March 12, 2010
10 Questions to Ask Your Accountant at Tax Time
One of the most common reasons people fail to get legal, financial, and tax advice is concern about the cost. However, many Americans already have an accountant that helps prepare their taxes. These tax professionals can be a great source of information for estate and financial planning.
Some tax accountants are more knowledgeable than others on these issues, but the only way to find out if your tax professional can provide you some pointers is to ask. If you are talking with your tax preparer about filing your tax return anyway, you might as well use the time effectively. It is quite possible that by opening up a discussion about your estate or financial planning, your tax advisor may give you some advice that saves you or your family quite a bit of money in the future.
When preparing to talk with your tax advisor, make a list of your questions about issues such as estate taxes, gifts, charitable giving, inheritances, IRA's, 401k's, annuities, and life insurance. If you are just beginning to learn about these issues, here is a list of 10 questions you may want to ask your tax advisor:
(1) Should I be making gifts to my children or grandchildren to take advantage of the annual gift tax exclusion?
(2) Should I invest in a tax-deferred annuity for retirement?
(3) Am I doing my charitable giving in the most tax-efficient manner?
(4) What are the advantages of converting some of my other retirement accounts to a Roth IRA?
(5) What is the most tax-efficient way to handle my highly appreciated stock, real estate or other highly appreciated assets in my estate plan?
(6) Do you recommend I use an A-B Living Trust or marital bypass trust in my estate plan?
(7) Based upon the size of my estate, are federal or state estate taxes likely to reduce the amount of wealth I transfer to my heirs?
(8) What type of tax deduction would I receive if I purchased long-term care insurance? (9) Do you have any suggestions regarding my estate plan?
(10) What should I be doing differently to save for retirement and long-term care?
Of course, not all of these questions will apply to your situation. If you are able to ask your accountant 3 or 4 questions about your estate or financial plan, you are off to a good start.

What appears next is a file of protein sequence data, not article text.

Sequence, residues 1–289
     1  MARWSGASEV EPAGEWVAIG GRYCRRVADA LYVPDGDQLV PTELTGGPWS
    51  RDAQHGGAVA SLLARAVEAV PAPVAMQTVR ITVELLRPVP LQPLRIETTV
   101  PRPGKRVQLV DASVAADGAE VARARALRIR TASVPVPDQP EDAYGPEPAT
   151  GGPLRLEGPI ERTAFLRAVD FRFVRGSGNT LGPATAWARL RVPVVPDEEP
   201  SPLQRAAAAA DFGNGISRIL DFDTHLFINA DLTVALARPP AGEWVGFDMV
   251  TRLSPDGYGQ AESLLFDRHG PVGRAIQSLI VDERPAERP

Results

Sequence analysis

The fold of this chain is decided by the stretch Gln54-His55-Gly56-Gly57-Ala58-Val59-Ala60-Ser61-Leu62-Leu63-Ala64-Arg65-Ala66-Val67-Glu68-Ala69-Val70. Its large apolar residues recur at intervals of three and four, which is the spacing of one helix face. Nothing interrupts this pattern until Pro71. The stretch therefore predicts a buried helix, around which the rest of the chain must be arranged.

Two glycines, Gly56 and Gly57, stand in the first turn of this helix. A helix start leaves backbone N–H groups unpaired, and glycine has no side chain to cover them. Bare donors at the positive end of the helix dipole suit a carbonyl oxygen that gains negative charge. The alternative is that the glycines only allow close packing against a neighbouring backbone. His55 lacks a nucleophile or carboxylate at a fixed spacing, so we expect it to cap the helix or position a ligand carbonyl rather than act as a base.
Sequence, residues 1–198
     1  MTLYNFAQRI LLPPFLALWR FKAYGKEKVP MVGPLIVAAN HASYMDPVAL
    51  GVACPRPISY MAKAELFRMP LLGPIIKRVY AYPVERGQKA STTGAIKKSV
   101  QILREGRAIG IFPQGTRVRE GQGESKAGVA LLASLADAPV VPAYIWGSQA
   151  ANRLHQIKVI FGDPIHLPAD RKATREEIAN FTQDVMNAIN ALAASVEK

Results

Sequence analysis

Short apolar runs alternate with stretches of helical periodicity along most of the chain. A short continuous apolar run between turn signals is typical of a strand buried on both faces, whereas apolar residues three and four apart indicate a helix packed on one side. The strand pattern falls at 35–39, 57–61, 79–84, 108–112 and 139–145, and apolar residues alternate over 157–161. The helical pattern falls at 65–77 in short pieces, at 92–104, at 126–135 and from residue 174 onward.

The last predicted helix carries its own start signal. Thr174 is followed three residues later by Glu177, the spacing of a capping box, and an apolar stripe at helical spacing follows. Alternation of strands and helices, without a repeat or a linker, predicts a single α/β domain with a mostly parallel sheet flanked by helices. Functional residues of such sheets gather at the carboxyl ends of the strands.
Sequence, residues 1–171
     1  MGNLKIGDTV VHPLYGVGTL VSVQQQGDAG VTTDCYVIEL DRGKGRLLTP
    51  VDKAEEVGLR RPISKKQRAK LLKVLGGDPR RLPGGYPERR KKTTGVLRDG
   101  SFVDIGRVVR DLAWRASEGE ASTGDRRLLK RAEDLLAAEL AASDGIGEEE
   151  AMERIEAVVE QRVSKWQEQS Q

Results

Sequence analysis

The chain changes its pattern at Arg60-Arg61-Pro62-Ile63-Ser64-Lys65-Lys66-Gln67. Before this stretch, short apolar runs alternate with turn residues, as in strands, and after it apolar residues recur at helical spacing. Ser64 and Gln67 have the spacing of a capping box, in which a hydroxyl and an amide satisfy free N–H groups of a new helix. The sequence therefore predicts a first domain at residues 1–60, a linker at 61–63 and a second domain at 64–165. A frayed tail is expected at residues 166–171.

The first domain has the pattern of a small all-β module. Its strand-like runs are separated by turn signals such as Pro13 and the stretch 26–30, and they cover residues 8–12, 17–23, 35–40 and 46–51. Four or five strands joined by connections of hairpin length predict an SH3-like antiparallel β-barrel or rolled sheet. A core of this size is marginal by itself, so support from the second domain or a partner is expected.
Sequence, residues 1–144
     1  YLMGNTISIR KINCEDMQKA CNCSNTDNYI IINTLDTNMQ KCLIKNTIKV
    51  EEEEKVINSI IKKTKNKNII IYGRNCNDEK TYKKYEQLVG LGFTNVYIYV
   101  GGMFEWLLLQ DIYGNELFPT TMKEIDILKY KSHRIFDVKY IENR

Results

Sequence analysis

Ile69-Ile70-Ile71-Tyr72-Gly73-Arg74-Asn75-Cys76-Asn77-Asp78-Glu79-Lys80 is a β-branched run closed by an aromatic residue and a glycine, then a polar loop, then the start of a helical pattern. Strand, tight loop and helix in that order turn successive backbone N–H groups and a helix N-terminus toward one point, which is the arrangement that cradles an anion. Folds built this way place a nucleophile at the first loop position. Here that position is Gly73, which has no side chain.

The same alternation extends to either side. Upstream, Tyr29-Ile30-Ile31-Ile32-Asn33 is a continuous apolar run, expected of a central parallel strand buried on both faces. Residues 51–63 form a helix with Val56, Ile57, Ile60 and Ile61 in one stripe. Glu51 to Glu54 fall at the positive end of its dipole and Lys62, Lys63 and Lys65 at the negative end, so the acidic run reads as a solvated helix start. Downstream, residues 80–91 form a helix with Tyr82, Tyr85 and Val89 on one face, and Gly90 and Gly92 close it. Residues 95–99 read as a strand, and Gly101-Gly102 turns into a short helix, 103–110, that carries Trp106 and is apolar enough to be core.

If the person that prepares your taxes is unable to assist you with your estate and financial planning needs, ask for a referral. Much more free information is available throughout the pages of our estate planning website.
March 2, 2010
Why Every Pet Owner Should Make an Estate Plan
Many people think of estate planning as something for grandparents, seniors or the elderly. If you are young, in good health, and have a busy schedule, estate planning may be at the very bottom of your list of priorities. But if you come home every day to a dog or cat or if you have horses, birds or other animals, chances are they rank much higher on your list of priorities. These animals rely on you completely for their survival. What happens to them in your absence is totally dependent on the plans you made, or failed to make, for their care.
Many people are simply uninterested in making a will or pre-planning for final arrangements such as funeral services, burial or cremation. They have the attitude that someone else will take care of it or whatever happens doesnít matter. For some people, it is easier to let someone else deal with it. While most of us donít want to be the person who is left to deal with it when someone else fails to make an estate plan, the law does at least provide a system to address some of the issues humans face after a relativeís death or incapacity. Animals are not so lucky.
When it comes to our spouses, children, and other heirs, in most cases the law makes some provisions regarding the amount of money or financial support a dependent will receive if we fail to make a will or trust. However, animals donít receive a statutory share of our estate and a court wonít step in to appoint a guardian for them, no matter how important they were to you. If you fail to make an estate plan, there is no protection under the law for your pets and it is very likely they will be dropped off at an overcrowded animal shelter. If your dog or cat is not accepted for adoption by a new owner in a few short days, its life will come to an abrupt end. To see a video about how cruel that end can be, go to our Unwanted Pets page. For animals that require a different level of care, such as horses, birds, rabbits, and reptiles, finding a new home is even more precarious.
What is most unfortunate about the fate of animals whose owners die is that estate planning arrangements could have been made for them with only a small amount of effort. Several different estate planning methods are now available to protect pets. While some of these methods provide greater security to your pets than others, taking any step to include your animals in your estate plan is better than doing nothing. Some of the options available include establishing a pet trust, making arrangements with a pet caregiver, no-kill animal shelter, or pet retirement home, and adding properly drafted provisions to your current will or living trust. Irrespective of your financial situation, one of these options is likely to be affordable. See Pet Owners Estate Plan.
There are many online resources to assist you in making your animals part of your estate plan. Several animal charities offer information to help pet owners create a plan. Many estate planning attorneys also have experience including pets in estate planning documents. Making your estate plan may not seem urgent today. However, when you understand the facts about what will happen to your pets if you suddenly disappear, you will realize taking the time to make a few arrangements for them isnít much trouble after all.